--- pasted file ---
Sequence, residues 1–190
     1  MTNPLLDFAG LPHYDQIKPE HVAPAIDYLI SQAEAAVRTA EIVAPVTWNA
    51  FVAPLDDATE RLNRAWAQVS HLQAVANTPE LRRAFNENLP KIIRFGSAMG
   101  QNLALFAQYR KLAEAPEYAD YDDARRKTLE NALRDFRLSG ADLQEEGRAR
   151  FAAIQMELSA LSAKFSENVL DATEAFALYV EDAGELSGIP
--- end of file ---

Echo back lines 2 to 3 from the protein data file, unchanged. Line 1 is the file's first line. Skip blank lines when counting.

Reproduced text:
     1  MTNPLLDFAG LPHYDQIKPE HVAPAIDYLI SQAEAAVRTA EIVAPVTWNA
    51  FVAPLDDATE RLNRAWAQVS HLQAVANTPE LRRAFNENLP KIIRFGSAMG